Common Core math may set unrealistic goals

A national survey of math teachers in states using the Common Core has found mixed feelings about the standards. Some teachers think the standards established by the Common Core may be beyond the reach of many of their students and their parents.

The Thomas B Fordham Institute interviewed about a thousand K-8 teachers who use the Common Core math standards during the spring of 2015, but results are just now being made available. The foundation reached the following conclusions:

  • Parents tend not to reinforce math learning at home, perhaps because they don’t understand the way the subject is being taught.
  • Teachers believe the Common Core standards will help their students prepare for college and beyond.
  • Students are sometimes frustrated when asked to check their answers by using a different method to solve the same problem they just solved.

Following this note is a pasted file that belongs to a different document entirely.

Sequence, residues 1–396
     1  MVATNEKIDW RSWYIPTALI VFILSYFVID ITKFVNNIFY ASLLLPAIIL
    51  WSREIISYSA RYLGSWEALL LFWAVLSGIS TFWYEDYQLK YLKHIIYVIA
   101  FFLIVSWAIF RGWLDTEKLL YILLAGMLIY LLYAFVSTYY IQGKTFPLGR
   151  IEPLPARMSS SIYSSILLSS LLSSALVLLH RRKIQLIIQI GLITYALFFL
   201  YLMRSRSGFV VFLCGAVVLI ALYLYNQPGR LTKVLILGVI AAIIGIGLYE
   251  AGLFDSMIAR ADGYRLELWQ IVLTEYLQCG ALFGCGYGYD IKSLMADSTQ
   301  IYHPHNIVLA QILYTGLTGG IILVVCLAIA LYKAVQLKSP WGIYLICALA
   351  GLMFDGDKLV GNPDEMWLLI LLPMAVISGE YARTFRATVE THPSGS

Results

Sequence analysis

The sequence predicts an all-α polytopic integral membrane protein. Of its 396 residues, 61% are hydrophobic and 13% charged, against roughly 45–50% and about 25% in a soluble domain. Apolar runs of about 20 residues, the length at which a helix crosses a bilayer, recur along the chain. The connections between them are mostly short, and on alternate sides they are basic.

Education Week wrote a blog post about the survey, and a few parents posted comments saying the problem isn’t so much that they are unfamiliar with the new way old subjects are being taught under the Common Core but that schools and teachers are providing too few resources that allow them to help their students learn the math with the new methods.

A key finding from the report is that almost two-thirds of teachers said they are more likely under the Common Core to ask their students to explain their math solutions in writing. While writing is an important skill, it is less relevant in mathematics than it is in, say, social studies or science.

Requiring students to explain mathematical calculations in paragraph form, then, does little to advance their understanding of mathematics. Teachers would better use this effort, I believe, to develop numeracy skills in their students and teach them how to use the language of mathematics, rather than English.

About the Author

Paul Katula
Paul Katula is the executive editor of the Voxitatis Research Foundation, which publishes this blog. For more information, see the About page.